By Francesco Bucci
Being a successful entrepreneur in the United States is a dream many aim for - the "American Dream" is something you are taught from a young age. Being from another country adds an extra challenge to this dream including different rules and regulations to follow, unfamiliar territory and of course the language barrier. But being a successful entrepreneur in America and taking your startup to the next level isn't about speaking the language. It's about being unique to differentiate yourself from your competitors.
After breaking through certain barriers, I made it to San Diego and started the first Pappalecco Café in Little Italy in 2007. Two and a half years later, we opened a second location in Hillcrest. In 2012 Pappalecco opened its central kitchen in Point Loma where we make most of our menu items from scratch. In 2016, Pappalecco added three more locations -- including Kensington and two North County locations, Cardiff by the Sea and Del Mar Highlands.
People always ask me how Pappalecco gained so much momentum over the years. It helps that, prior to opening Pappalecco, I had some experience in owning a business in Italy. I opened a coffee shop, a cocktail bar and a restaurant in Pisa, Tuscany with my brothers back in the day and all of them still exist. In fact, we still own the restaurant.
But what really made Pappalecco successful in growing to five locations in San Diego was its differentiation from other coffee shops. Pappalecco is all about keeping it simple, keeping it authentic and being different by keeping it Italian. We stick to Italian tradition in that we don't offer "pumpkin spice lattes" and such, but just what you would see on the menu in an Italian café. Surprisingly what keeps us current in America is not being like an American café.
But, being authentically Italian has had its challenges. When you are different and unique, people are interested. They think you are interesting. However, at times, being "too authentic" makes it more difficult to be understood. The best part about America is it's so diverse and there are so many people coming from different walks of life. Not everyone likes us, but many people love us.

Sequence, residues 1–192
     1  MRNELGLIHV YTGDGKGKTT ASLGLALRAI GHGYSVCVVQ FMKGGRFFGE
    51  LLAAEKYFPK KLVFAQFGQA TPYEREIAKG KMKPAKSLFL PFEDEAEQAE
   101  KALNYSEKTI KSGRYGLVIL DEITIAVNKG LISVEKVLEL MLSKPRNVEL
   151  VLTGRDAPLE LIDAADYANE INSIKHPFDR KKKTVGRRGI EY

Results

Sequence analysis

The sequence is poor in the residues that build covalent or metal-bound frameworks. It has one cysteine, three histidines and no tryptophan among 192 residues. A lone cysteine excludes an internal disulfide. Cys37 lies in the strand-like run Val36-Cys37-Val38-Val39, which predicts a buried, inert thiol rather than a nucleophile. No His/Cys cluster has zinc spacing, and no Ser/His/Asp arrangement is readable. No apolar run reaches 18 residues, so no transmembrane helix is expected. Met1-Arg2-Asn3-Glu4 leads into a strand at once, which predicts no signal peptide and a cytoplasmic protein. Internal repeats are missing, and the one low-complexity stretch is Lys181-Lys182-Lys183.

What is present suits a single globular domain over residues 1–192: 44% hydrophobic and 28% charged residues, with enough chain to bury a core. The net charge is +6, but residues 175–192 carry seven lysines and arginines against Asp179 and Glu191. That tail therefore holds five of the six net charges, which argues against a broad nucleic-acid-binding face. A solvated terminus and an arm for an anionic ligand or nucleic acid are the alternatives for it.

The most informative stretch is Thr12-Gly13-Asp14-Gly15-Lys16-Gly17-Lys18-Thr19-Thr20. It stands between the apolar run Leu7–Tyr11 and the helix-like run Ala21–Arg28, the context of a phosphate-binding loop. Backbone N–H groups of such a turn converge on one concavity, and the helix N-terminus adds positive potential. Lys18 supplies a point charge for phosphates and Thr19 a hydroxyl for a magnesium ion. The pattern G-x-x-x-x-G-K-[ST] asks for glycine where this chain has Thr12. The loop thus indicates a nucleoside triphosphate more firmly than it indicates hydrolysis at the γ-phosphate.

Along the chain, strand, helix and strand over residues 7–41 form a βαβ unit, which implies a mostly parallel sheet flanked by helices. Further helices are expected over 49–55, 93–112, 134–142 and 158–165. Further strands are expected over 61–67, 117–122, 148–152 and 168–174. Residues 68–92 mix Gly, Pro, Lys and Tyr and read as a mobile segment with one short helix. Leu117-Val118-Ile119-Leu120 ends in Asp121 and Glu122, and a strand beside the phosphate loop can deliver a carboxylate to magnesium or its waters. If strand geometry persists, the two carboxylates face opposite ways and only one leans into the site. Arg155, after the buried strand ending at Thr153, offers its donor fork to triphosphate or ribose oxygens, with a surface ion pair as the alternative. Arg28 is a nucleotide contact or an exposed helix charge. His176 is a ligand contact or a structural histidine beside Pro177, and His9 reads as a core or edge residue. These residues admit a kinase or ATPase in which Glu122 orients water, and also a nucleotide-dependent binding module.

Since I joined the growing American coffee and café business in 2007, a lot has changed over the years. Coffee is becoming more and more popular. However, in my opinion, there are too many coffee shops that have no reason to exist in this marketplace. They are too similar to one another. My advice to hopeful entrepreneurs is to offer a different experience that is also top quality and whatever you do, stick to your roots.
Learning how to run a business is an ongoing experience; time passes, trends fade and rules change. However, don't embark on a start-up business -- especially as an immigrant -- unless you know your business, or at least the gist of it, before you start. We were coming from a similar business experience in Italy. No one could have taught us how make gelato and the 'best' Italian cappuccino.
Pappalecco is Pappalecco. I am not saying that it is, necessarily, the best coffee shop. But it is, in my opinion, the best defined. The message is unequivocal. We are the Italian coffee shop. Our staples are coffee, panini and gelato the Italian way. That's it.
I was inspired to push through and bring my small business to America because cultural differences have always interested me. I love to immerse myself in other contexts. On top of that, the possibility to make known to many a marvelous country like Italy has always been a dream for me.
Lastly, nothing can be achieved without a solid team. My brother Lorenzo and each and every coworker make success possible together. Every day, I get to share my time and experiences with wonderful people. What is next for Pappalecco? It's been ten years since our café opened the door for the first time in Little Italy, so it's time to refresh our image. The work will start from one our newest locations. The goal is to make our cafés even more authentically Italian that it is now.
Francesco Bucci is the owner of Pappalecco Café in Sam Diego, which celebrates its 10th anniversary this year.